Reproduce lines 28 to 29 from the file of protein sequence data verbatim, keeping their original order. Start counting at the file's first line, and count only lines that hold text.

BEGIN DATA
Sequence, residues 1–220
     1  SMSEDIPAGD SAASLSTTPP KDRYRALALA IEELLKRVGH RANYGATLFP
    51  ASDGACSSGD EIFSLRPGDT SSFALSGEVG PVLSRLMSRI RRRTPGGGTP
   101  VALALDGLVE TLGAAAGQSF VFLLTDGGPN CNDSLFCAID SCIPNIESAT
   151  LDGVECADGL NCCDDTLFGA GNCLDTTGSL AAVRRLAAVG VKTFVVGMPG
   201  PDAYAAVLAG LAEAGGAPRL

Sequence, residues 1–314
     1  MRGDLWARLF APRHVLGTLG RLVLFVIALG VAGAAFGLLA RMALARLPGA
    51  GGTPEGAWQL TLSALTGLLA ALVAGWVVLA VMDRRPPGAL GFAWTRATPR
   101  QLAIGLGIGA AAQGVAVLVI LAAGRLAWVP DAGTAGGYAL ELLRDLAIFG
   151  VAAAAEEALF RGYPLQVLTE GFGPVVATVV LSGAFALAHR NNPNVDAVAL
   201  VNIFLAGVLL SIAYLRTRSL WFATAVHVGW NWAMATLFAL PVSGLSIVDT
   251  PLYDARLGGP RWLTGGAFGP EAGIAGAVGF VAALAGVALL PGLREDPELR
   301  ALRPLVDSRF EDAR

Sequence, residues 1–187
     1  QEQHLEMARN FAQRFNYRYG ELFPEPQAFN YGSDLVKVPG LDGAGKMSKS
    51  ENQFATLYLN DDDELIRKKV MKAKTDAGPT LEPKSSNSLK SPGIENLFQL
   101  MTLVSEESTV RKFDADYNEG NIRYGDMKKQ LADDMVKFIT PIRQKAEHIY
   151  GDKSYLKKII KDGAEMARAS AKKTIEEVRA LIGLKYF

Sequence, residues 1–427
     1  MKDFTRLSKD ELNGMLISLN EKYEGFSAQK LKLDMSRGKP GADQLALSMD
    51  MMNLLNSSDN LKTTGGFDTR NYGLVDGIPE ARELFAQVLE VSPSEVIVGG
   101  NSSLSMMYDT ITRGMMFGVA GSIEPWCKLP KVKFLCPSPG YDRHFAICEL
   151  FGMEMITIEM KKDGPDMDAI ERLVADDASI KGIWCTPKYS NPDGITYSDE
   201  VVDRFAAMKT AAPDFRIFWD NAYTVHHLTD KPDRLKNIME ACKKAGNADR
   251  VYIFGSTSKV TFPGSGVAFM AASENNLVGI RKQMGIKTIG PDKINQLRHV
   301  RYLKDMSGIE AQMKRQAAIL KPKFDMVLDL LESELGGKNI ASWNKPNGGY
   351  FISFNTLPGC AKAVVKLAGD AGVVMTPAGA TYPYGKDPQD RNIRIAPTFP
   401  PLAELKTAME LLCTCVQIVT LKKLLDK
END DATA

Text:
   351  FISFNTLPGC AKAVVKLAGD AGVVMTPAGA TYPYGKDPQD RNIRIAPTFP
   401  PLAELKTAME LLCTCVQIVT LKKLLDK